Remember the Hood!

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The Russian destroyer Vice Admiral Kulakov as seen from HMS Somerset in the Moray Firth

Royal Navy ship shadows a Russian destroyer

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Her loss inspired the best-known naval battlecry of the Second World War: ‘Remember the Hood!’

And for hundreds of Portsmouth families, memories were all that remained of loved ones who perished in the disastrous sinking of the battlecruiser.

Just three sailors survived from the ship’s company of 1,415 officers and men when Hood was sunk by the German battleship Bismarck near Iceland on May 24, 1941.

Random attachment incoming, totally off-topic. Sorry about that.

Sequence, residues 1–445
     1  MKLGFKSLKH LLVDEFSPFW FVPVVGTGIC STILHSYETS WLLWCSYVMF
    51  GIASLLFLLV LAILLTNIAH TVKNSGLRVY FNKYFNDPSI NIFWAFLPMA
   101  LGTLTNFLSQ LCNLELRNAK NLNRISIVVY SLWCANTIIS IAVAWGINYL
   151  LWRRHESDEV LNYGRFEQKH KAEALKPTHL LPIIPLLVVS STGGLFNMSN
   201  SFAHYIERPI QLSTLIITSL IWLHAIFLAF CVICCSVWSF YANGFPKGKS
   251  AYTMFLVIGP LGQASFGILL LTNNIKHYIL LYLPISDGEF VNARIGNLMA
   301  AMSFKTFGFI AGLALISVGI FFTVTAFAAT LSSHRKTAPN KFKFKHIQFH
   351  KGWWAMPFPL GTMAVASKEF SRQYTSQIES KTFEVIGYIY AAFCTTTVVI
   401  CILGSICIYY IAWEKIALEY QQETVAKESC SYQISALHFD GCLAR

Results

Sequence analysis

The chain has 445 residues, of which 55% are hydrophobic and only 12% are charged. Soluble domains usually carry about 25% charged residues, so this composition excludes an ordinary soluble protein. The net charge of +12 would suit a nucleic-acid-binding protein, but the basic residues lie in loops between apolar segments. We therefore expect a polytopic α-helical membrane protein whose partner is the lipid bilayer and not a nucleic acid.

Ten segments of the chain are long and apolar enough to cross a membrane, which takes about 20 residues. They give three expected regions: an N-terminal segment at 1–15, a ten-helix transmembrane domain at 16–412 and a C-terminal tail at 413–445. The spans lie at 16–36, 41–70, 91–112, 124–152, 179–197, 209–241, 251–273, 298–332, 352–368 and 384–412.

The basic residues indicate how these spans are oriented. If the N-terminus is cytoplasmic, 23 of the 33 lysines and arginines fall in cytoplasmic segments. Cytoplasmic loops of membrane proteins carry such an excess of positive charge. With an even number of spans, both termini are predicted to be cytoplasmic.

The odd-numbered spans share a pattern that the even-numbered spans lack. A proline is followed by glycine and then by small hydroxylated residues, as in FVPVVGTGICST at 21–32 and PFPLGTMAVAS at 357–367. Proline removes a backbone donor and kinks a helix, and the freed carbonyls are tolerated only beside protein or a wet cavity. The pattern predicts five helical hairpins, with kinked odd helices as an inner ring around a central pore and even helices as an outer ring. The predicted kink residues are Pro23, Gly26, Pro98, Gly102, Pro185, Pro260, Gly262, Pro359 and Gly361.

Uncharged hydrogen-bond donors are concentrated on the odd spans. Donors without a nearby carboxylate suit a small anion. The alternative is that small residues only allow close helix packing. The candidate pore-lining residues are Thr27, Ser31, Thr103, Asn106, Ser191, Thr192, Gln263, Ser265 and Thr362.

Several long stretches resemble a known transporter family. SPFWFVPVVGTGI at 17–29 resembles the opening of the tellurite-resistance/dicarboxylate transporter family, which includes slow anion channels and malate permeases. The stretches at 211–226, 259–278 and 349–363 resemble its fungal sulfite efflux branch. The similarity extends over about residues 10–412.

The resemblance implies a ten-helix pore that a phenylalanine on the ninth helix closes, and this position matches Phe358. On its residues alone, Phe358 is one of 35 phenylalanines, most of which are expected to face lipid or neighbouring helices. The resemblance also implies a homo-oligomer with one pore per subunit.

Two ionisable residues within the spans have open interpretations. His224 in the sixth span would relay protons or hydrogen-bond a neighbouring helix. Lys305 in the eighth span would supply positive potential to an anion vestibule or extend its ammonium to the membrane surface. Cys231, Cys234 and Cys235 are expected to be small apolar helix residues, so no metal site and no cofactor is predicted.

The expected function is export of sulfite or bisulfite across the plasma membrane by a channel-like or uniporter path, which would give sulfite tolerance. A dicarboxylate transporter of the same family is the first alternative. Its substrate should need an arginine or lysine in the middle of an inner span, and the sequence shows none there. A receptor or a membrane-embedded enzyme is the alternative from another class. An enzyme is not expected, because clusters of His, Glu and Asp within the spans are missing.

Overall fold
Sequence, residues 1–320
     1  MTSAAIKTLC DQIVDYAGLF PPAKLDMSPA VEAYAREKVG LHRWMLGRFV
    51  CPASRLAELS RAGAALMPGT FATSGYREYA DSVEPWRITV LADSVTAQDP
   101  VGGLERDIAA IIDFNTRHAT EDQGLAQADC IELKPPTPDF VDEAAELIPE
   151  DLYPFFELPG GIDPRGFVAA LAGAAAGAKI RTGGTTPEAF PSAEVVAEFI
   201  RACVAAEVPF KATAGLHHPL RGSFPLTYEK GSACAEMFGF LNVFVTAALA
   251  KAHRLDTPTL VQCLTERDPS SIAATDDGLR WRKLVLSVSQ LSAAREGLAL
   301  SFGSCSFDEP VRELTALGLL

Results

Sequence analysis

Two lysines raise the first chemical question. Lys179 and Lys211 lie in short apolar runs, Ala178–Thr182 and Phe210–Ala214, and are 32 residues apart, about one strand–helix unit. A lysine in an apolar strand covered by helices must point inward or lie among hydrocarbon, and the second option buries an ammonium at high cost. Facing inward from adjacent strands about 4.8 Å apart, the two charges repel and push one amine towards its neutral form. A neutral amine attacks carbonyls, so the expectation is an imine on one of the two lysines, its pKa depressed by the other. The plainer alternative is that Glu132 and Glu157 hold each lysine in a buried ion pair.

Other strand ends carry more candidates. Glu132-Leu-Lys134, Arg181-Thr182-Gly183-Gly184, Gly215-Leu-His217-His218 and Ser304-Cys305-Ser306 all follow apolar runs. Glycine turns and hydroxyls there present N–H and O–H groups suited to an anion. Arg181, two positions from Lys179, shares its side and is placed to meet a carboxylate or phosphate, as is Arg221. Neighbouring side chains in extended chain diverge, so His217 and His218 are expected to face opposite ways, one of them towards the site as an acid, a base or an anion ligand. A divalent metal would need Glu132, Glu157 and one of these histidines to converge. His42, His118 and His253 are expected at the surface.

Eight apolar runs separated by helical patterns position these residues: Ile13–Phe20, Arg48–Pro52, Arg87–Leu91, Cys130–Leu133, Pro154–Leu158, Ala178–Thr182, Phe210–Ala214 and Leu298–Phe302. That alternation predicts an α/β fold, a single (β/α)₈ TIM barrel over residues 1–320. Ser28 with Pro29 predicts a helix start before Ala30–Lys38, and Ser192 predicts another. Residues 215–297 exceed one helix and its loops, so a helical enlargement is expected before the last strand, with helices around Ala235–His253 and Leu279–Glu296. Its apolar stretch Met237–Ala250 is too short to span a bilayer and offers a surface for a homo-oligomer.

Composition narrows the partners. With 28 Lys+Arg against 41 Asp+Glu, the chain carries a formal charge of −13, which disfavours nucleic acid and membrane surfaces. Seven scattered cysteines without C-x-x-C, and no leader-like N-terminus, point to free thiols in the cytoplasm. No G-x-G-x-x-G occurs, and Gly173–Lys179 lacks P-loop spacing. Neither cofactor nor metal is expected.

The Portsmouth ship, commissioned in 1920, was the last battlecruiser built for the Royal Navy. Known as ‘The Mighty Hood’ she was widely regarded as being invincible.

So the shock was immense when she was blown to pieces when attacked by the Bismarck and the heavy cruiser Prinz Eugen.

She was struck by several German shells and exploded and sank. Cine film shot by the Germans showed the swiftness of her destruction.

The ship’s loss led to a determined pursuit of the Bismarck by the Royal Navy. Two days later, the pride of the German fleet was dive-bombed by Fairey Swordfish biplane torpedo bombers from the aircraft carrier HMS Ark Royal, leaving her steering gear out of action.

The next day, under bombardment by ships of the Royal Navy, she was scuttled by her crew, and sank with heavy loss of life.

Picture: How the Portsmouth Evening News reported the sinking of the Bismarck